Children of the Nephilim (excerpt) by Cindy St. Onge

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This author-made videopoem by Cindy St. Onge juxtaposes footage from Trump rallies with footage from Nazi concentration camps, along with other images. The choice of music for the soundtrack (by the Masonik collective) feels especially inspired. The Vimeo description:

This video is based on a poem which was originally titled “Free Range Citzens.”
Have you noticed that with the proliferation of technology and mobile devices, that we so rarely look up anymore? We should wonder about that.
Poem, concept and editing by Cindy St. Onge. Footage from Videoblocks, Cindy St. Onge, CSpan, Right Side Broadcasting. Soundtrack by Masonik.
Full text of poem can be read here:

St. Onge has posted two versions of the videopoem; here’s the other.

Destination by Carol Novack

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A poem by the late American poet Carol Novack in a film adaptation by the Belgian-Canadian filmmaker Jean Detheux, who notes on Vimeo that

This is the second film I made based on a text written and recited by Carol Novack (1948-2011).
The first one, “Civil War,” is here
The text of “Destination” (and “Civil War”) can be found in the book “Giraffes in Hiding: The Mythical Memoirs of Carol Novack.” (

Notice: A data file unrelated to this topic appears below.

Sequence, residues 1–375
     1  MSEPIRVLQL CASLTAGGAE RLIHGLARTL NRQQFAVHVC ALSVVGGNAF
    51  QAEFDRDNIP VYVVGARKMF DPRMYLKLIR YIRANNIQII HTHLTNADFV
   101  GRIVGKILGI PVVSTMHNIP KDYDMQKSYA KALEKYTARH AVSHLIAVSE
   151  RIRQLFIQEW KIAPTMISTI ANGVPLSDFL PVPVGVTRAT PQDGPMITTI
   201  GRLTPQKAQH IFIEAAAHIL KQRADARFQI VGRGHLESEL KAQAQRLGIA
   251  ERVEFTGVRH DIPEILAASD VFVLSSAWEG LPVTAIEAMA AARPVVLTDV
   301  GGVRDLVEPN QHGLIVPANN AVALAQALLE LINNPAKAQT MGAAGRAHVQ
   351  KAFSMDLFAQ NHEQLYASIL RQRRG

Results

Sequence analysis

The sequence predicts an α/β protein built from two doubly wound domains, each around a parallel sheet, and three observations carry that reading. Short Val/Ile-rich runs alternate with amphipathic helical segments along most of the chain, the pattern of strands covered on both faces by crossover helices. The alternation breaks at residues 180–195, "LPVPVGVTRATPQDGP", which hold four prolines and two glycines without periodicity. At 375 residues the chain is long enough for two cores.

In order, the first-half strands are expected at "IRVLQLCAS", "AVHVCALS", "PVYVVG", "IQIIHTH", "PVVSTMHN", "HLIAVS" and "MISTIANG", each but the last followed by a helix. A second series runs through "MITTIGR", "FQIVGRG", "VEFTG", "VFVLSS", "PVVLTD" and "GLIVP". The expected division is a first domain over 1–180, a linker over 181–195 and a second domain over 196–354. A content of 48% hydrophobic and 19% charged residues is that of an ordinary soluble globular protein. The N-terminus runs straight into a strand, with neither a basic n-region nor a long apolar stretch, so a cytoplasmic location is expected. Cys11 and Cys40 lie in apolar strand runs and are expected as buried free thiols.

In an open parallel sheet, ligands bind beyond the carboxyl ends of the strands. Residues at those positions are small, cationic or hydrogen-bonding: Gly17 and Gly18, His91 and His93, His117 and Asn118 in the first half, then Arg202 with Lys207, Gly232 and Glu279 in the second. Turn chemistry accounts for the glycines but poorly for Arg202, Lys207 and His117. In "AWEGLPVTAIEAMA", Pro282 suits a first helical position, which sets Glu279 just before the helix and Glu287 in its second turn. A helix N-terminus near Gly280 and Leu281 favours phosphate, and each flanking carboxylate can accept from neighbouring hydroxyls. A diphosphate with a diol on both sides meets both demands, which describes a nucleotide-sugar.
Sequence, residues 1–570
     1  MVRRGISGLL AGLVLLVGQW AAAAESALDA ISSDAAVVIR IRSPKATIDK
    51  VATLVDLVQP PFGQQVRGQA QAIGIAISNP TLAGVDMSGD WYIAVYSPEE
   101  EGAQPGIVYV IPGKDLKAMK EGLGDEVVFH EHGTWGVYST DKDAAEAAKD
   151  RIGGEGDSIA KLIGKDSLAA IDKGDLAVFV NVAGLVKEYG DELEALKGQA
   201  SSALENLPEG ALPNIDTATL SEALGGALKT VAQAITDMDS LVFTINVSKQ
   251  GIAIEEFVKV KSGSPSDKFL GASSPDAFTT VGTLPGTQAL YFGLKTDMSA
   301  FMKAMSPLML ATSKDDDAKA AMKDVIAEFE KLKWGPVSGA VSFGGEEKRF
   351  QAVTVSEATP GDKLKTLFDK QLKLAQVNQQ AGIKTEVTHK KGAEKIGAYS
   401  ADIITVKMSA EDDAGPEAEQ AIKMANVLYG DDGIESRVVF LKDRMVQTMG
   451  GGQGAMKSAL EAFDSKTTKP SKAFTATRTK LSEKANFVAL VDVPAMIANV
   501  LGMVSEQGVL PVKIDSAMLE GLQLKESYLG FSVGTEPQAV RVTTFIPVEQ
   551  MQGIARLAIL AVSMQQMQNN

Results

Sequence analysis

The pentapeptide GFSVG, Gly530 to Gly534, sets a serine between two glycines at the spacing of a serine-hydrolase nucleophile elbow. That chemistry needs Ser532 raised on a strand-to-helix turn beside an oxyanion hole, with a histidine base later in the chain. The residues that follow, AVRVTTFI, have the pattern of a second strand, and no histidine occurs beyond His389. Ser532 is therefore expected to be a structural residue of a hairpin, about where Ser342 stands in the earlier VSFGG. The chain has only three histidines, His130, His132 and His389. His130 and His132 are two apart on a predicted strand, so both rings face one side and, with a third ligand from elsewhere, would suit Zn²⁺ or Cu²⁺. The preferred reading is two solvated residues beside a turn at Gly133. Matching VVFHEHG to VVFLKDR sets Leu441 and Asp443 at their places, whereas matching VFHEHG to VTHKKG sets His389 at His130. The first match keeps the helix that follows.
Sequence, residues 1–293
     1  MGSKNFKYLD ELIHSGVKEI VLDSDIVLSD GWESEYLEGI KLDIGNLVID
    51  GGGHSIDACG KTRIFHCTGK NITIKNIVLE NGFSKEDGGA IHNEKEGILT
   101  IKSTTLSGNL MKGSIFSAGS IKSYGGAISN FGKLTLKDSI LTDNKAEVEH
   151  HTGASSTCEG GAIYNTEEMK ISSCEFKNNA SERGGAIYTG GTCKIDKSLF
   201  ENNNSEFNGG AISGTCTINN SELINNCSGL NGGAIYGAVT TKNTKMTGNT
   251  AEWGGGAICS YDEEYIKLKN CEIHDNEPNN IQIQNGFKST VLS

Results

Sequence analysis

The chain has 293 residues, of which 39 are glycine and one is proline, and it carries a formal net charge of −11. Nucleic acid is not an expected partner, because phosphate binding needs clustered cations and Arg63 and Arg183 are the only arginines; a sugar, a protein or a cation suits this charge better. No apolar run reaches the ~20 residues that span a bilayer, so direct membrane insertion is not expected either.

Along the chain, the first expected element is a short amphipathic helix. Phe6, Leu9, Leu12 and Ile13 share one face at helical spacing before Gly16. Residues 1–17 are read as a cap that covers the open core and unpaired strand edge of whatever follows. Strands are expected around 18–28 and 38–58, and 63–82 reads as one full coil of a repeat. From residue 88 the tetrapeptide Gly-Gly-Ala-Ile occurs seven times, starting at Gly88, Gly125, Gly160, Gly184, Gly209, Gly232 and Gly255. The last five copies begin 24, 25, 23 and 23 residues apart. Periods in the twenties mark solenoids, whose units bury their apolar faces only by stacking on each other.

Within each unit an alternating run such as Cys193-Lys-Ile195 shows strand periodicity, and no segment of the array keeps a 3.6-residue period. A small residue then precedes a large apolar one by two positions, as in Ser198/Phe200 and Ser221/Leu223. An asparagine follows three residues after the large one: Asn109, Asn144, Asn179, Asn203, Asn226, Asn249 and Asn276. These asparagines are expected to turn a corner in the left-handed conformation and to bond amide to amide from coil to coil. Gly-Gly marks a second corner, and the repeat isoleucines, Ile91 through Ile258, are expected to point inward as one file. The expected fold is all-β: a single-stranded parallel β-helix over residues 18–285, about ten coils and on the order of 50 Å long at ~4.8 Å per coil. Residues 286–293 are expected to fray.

Music by Don Meyer.
The images dialog with the narrative while following their own logic.
The images were made from a series of photos taken by my son Georges (he was 15 at the time of writing these lines) during a trip to Belgium, photos he then assembled in beautiful panoramas (used here as well).
Here’s an example: (other movies made with his help are here:

I processed his images in a variety of applications (Still Life, Studio Artist and especially, Final Cut Pro).

Carol Novack died of cancer on December 29, 2011. She had so much left to live, to share, to write!
May she have found her town!

There’s a good bio of Jean Detheux online in Madhat 15, accompanying another film made with a Carol Novack poem, Refuge. I particularly like this bit:

[Detheux] focuses on the importance of the hand gesture in image making (“le geste révélateur”), and especially, on the exploration of “inherent animation” (that which is done/found “by accident”), avoids “smarts” like the plague, believes that the conceptual approach is at a dead-end.